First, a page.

In Japan, motor vehicles were few and far between in the 1950s, and in 1956 half of all vehicles produced were still 3-wheelers. Car production surpassed that of trucks only in 1969, and it was only from the mid-1970s that there were more cars than trucks on the road. Even in 1985 there were only… Continue reading Chinese Industrial Policy: an automotive example
This isn’t about China, but it is a particularly clear example of results that rendered nonsense by the failure to distinguish correlation from causation. In this case, it’s a likely outside factor that affects both the “independent” variables (the right-hand side) and the “dependent” variable (the left-hand side of y = a + ßX, where… Continue reading Endogeneity
Oct 18 on Bloomberg, China’s Belt and Road Ambitions: China Is Forced to Reconsider Its Route Into Eastern Europe; 16+1 members disappointed as projects fail to materialize China’s historical geopolitics kept it focused on Central Asia. Yes, in the late Ming Dynasty (16 century) Japanese pirates repeatedly plundered coastal areas. Then there were the British… Continue reading BRI: 一带一路
We analyzed key motives for purchasing foreign exchange. These are: speculation imports portfolio considerations (purchasing US$ assets) direct foreign investment (developing oilfields and building factories and purchasing companies to operate them, eg, not “portfolio”) earn returns (eg, interest) We focused on the latter as an empirically relevant factor in currency movements (take Econ 271 for… Continue reading Foreign Exchange
A popular meme inside the Beltway is that China is stealing us blind. In the background is the assumption that domestic technological capabilities are minimal, and that anything and everything incorporating technology or design must be stolen or counterfeit. In the automotive industry, this turns into the claim that companies are being “forced” to hand… Continue reading Cell Phones, Value Chains and Technology
It’s an exciting time to study the world’s largest economy, with 1.4 billion people and a middle/upper class almost double the size of those of the US or Europe. If you’re a global company such as GM or VW, there’s a good chance you make more money in China than anywhere else in the world.… Continue reading China!
Today’s powerpoint Chinas Future. I left in the agriculture elasticities slide and other details that we covered earlier in the term. I added details to the open economy savings-investment balance (S-I) + (T-G) = (X-M) to the end.
Two of the largest of China’s fifty-six recognized ethnic minority populations, the Hui and the Uyghur, both largely practice Islam and have both occupied their respective corners of China for centuries. This might lead one to believe that these two groups live similar lives. However, the manner in which the Chinese government treats them could… Continue reading Uyghurs and Hui: China’s Muslim Minorities
As the GDP growth in China begins to decrease, the Chinese air travel market is expanding rapidly. Chinese have increased their use of air travel by over 700% since 2000, and China is predicted to overtake the U.S. as the world’s largest aviation market by 2033. Many of the aircraft manufactures are struggling to keep… Continue reading China’s Rapidly Expanding Air Travel Market
Since President Trump’s inauguration in January of this year, the DOW Jones industrial average, the most basic metric for watching the American stock market, has increase by about 5%. Just a few weeks ago, the average broke 21,000, signaling an all-time high. While financial experts were initially worried by what a Trump presidency would do… Continue reading Chinese Markets React to Trump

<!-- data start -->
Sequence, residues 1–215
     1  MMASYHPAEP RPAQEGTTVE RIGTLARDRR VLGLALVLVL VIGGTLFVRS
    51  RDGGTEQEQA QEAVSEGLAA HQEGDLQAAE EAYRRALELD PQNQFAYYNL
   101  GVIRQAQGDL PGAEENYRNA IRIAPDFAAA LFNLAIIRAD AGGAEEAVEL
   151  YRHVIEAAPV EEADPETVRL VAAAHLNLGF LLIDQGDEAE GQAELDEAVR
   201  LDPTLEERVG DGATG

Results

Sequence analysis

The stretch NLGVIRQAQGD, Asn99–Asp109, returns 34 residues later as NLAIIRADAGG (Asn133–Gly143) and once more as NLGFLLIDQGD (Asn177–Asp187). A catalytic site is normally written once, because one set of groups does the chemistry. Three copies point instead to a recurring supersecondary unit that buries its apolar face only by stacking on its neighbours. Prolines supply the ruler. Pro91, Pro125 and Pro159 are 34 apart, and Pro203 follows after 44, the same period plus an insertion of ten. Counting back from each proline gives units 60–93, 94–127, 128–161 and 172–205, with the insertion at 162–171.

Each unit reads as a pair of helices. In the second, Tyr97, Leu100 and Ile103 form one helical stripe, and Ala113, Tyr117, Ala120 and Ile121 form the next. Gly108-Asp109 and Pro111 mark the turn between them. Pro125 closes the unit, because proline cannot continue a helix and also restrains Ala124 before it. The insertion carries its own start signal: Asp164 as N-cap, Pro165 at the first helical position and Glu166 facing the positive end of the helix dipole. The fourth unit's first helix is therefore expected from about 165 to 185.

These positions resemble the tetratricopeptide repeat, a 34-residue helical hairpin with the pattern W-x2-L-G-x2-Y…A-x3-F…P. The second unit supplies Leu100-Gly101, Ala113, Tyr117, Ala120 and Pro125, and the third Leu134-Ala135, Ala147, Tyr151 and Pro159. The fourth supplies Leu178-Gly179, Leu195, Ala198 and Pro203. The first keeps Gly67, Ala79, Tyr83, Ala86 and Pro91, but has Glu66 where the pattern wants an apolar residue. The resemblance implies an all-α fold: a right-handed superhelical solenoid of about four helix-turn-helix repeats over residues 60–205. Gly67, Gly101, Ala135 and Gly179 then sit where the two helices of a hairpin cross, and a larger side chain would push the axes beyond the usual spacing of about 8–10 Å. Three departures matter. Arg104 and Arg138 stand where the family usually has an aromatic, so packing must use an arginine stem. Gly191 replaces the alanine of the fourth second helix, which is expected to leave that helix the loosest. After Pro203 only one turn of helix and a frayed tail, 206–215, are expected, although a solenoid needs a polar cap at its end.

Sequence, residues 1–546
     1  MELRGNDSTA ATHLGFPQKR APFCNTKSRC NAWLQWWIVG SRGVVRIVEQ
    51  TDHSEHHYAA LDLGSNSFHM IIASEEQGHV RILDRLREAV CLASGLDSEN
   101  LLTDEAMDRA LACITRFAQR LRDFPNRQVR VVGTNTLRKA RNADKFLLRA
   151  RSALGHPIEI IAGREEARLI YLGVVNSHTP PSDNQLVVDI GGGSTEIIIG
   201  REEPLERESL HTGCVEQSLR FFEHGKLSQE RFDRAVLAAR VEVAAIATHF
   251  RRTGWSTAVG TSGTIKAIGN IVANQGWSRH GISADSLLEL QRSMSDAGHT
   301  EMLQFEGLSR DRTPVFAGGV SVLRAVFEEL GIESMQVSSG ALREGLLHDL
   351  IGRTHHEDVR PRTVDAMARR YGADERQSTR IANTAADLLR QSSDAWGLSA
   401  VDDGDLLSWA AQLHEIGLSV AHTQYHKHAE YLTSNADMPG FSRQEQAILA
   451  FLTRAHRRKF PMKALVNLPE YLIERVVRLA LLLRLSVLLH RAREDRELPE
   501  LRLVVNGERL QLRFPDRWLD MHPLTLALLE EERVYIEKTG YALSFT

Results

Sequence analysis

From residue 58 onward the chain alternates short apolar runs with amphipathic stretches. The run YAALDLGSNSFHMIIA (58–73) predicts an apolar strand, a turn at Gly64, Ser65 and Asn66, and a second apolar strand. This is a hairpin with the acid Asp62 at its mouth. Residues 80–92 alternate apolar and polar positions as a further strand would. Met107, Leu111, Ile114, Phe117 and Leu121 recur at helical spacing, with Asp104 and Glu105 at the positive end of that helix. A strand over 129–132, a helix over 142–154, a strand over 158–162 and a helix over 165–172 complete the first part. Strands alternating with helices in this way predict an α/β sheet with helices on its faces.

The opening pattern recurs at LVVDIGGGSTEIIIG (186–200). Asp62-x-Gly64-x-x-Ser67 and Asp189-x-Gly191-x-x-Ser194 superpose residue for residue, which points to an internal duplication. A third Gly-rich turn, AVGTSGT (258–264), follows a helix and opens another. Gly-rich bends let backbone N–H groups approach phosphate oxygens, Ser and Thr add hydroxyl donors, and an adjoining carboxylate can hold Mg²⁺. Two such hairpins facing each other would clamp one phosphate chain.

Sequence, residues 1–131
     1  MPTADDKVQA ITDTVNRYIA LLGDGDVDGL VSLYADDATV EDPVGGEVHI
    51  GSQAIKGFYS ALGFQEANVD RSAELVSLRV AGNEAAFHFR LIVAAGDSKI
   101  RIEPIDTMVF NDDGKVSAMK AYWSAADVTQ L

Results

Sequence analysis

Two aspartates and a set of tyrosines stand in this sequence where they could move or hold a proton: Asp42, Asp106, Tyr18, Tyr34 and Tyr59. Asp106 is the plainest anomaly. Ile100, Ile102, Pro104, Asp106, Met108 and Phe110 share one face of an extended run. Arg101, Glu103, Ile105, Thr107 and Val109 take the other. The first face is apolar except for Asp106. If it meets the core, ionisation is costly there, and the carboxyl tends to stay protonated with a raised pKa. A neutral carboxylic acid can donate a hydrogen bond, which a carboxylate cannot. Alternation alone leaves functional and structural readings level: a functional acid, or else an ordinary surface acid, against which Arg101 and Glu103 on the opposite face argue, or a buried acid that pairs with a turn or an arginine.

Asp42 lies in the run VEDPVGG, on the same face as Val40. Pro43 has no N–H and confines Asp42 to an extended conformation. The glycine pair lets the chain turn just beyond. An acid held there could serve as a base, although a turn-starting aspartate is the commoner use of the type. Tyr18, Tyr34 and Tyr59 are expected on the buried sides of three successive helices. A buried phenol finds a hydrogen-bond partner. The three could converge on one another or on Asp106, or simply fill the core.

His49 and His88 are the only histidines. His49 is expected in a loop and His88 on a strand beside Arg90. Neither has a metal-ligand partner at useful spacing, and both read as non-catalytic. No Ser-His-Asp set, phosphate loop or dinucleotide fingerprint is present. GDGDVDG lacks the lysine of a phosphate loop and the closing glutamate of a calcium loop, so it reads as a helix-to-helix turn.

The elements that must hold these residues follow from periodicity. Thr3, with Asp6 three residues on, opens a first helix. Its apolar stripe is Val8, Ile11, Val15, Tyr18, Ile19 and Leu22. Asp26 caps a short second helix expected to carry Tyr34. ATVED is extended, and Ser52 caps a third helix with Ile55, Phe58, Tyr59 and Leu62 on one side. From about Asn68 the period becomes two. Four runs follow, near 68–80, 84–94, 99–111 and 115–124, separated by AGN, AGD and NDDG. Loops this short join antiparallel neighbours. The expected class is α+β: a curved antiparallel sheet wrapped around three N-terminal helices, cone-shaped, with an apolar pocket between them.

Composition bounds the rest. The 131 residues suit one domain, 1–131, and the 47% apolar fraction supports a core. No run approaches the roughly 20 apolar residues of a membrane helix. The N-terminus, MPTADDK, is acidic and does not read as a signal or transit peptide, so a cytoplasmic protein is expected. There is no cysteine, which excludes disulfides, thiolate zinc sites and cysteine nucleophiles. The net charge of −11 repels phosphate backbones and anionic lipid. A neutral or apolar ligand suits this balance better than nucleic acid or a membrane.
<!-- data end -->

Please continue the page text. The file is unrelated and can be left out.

The institutions of marriage and family have undergone a shift in terms of their role in Chinese society. The gender-skewing impact of China’s one-child policy has left the nation with a dearth of young women relative to their male counterparts (a product of many Chinese parents’ preference that their only offspring be male). This, along… Continue reading Chinese Marriage: A Pragmatic Venture
Next week, on Thursday and Friday, President Donald Trump will host Chinese President Xi Jinping at his Mar-a-Lago resort. This is not the first-time Mar-a-Lago has been at the forefront of the news cycle as President Trump often retreats to the Florida resort on the weekends to escape the capitol. One of the main conversation… Continue reading US-China relations: Mar-a-Lago Diplomacy
The China National Tobacco Monopoly largely holds a monopoly over tobacco sales throughout China generating about seven to ten percent of government revenue. In terms of the global market, China Tobacco is the largest tobacco company manufacturing a total of 2.5 trillion cigarettes in 2013 compared to their closest rival Phillips Morris international who only… Continue reading The Government’s Tobacco Monopoly
Golf in China is really expensive, a combination of the opulence and social status associated with playing the game. Memberships in clubs in Beijing can run as as high as $150k for initial fees, and membership to clubs are often presented as gifts among the elites. In most countries, a multitude of world-class golf courses… Continue reading Government Crackdown on Golf Memberships
This is the Urban China book in the link on the right – at 550 pages it was too much to assign in class, this chapter alone is 100 pages. Most of the “green” part is on air pollution, including health aspects, but there are also sections on waste disposal and potable water. The second… Continue reading Environmental Issues: Sources